• CMAKE_SYSTEM_NAME must be Android. This tells PaddlePaddle's CMake system to cross-compile third-party dependencies. This also changes some other CMake arguments like WITH_GPU=OFF, WITH_AVX=OFF, WITH_PYTHON=OFF, WITH_RDMA=OFF, WITH_MKL=OFF and WITH_GOLANG=OFF.
  • WITH_C_API must be ON, to build the C-based inference library for Android.
  • WITH_SWIG_PY must be OFF because the Android platform doesn't support SWIG-based API.

Some Android-specific arguments:

  • ANDROID_STANDALONE_TOOLCHAIN: the absolute path of the Android standalone toolchain, or the path relative to the CMake build directory. PaddlePaddle's CMake extensions would derive the cross-compiler, sysroot and Android API level from this argument.
  • ANDROID_TOOLCHAIN: could be gcc or clang. The default value is clang.
  • For CMake >= 3.7, it should anyway be clang. For older versions, it could be gcc.
  • Android's official clang requires glibc >= 2.15.
  • ANDROID_ABI: could be armeabi-v7a or arm64-v8a. The default value is armeabi-v7a.
  • ANDROID_NATIVE_API_LEVEL: could be derived from the value of ANDROID_STANDALONE_TOOLCHAIN.
  • could be ON or OFF, and defaults to ON, when ANDROID_ABI=armeabi-v7a;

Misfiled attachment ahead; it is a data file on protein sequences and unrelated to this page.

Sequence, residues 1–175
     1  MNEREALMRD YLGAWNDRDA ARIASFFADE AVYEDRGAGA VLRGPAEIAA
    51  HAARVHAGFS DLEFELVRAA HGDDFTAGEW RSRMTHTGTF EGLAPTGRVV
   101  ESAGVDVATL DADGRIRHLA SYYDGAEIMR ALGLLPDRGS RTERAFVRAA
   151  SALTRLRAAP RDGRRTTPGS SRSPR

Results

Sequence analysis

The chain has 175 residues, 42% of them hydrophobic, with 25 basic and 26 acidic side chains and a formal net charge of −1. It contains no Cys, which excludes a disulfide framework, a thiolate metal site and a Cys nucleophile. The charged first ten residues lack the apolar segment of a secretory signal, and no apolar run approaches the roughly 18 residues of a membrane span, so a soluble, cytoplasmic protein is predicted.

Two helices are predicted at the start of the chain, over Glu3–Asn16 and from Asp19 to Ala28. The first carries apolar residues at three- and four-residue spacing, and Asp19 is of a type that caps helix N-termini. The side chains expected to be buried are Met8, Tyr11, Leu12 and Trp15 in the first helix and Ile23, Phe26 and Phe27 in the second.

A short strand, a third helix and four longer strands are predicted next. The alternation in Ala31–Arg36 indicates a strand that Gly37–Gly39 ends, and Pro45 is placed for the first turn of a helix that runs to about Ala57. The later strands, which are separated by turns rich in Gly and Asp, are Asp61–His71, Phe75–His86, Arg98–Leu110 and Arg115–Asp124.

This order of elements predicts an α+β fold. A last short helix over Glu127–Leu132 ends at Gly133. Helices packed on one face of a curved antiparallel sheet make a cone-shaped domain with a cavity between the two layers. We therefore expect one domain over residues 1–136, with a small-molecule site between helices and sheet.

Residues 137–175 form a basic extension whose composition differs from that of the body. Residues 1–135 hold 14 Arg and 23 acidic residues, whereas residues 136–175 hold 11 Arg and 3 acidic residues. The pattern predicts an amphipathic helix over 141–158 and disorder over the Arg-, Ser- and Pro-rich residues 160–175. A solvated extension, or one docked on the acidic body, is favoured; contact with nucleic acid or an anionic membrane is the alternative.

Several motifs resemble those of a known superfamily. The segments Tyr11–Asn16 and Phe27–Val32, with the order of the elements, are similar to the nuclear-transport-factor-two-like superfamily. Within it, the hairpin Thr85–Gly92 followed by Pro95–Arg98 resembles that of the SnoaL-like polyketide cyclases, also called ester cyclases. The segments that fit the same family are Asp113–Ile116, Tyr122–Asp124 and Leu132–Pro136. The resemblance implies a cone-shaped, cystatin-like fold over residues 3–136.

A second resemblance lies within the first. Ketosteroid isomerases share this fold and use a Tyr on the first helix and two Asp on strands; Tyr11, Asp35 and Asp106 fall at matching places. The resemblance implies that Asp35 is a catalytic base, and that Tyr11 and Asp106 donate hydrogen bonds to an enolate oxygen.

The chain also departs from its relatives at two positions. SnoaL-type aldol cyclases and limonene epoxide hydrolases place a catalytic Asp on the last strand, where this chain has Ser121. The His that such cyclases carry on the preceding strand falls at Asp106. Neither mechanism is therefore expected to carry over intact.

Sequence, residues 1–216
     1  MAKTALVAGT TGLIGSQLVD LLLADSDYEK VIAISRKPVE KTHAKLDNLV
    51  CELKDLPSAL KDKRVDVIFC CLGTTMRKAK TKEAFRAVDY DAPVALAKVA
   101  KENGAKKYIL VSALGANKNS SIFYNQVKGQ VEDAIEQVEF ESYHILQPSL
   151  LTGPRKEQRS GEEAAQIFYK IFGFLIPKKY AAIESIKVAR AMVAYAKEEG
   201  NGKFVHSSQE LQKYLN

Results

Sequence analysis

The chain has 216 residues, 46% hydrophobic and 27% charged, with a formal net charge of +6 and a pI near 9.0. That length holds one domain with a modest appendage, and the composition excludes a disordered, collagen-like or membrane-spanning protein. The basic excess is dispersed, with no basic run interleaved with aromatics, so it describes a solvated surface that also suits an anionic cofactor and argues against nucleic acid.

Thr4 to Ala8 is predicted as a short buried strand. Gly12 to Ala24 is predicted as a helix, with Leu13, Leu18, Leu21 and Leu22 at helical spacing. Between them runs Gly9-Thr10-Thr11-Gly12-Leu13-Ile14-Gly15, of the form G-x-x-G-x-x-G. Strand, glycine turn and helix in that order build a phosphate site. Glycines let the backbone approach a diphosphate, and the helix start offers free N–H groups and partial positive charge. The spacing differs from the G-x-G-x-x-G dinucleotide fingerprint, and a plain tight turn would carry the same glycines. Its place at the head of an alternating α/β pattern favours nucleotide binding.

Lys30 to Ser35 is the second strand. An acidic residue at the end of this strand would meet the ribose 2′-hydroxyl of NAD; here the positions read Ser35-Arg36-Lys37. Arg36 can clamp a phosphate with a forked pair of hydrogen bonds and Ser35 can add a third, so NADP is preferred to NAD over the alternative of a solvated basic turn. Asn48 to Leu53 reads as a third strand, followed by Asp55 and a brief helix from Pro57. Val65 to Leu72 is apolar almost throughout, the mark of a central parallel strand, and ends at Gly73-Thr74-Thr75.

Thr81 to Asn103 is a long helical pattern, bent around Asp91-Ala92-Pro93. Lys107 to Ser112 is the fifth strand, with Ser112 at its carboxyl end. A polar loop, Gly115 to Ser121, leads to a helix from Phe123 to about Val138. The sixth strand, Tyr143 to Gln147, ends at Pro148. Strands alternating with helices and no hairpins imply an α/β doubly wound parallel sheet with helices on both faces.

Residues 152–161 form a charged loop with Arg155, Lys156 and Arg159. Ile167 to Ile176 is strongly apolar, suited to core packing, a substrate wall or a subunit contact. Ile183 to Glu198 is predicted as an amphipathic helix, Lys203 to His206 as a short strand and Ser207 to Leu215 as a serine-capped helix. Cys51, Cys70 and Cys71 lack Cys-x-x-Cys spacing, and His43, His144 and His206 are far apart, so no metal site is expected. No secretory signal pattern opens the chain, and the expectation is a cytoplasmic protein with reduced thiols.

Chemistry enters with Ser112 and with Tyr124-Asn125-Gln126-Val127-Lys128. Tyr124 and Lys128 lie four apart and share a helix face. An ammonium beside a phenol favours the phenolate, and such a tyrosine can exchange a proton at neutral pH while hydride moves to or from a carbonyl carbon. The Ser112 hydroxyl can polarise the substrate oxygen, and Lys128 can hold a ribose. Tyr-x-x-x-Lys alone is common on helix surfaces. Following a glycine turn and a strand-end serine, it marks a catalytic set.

• no need to specify when ANDROID_ABI=arm64-v8a.
  • ANDROID_ARM_NEON: indicates if to use NEON instructions.
  • could be ON or OFF, and defaults to ON, when ANDROID_ABI=armeabi-v7a;
  • no need to specify when ANDROID_ABI=arm64-v8a.

Other useful arguments:

  • USE_EIGEN_FOR_BLAS: indicates if using Eigen. Could be ON or OFF, defaults to OFF.
  • HOST_C/CXX_COMPILER: specifies the host compiler, which is used to build the host-specific protoc and target-specific OpenBLAS. It defaults to the value of the environment variable CC/C++, or cc/c++.

Some frequent configurations for your reference:

cmake -DCMAKE_SYSTEM_NAME=Android \
      -DANDROID_STANDALONE_TOOLCHAIN=your/path/to/arm_standalone_toolchain \
      -DANDROID_ABI=armeabi-v7a \
      -DCMAKE_INSTALL_PREFIX=your/path/to/install \
      -DWITH_C_API=ON \
cmake -DCMAKE_SYSTEM_NAME=Android \
      -DANDROID_STANDALONE_TOOLCHAIN=your/path/to/arm64_standalone_toolchain \
      -DANDROID_ABI=arm64-v8a \
      -DCMAKE_INSTALL_PREFIX=your/path/to/install \
      -DWITH_C_API=ON \

There are some other arguments you might want to configure.

  • CMAKE_BUILD_TYPE=MinSizeRel minimizes the size of library.
  • CMAKE_BUILD_TYPE-Release optimizes the runtime performance.

Our own tip for performance optimization to use clang and Eigen or OpenBLAS:

  • USE_EIGEN_BLAS=ON for armeabi-v7a, or USE_EIGEN_FOR_BLAS=OFF for arm64-v8a.

Build and Install

After running cmake, we can run make; make install to build and install.

Before building, you might want to remove the third_party and build directories including pre-built libraries for other architectures.

After building,in the directory CMAKE_INSTALL_PREFIX, you will find three sub-directories:

  • include: the header file of the inference library,
  • lib: the inference library built for various Android ABIs,
  • third_party: dependent third-party libraries built for Android.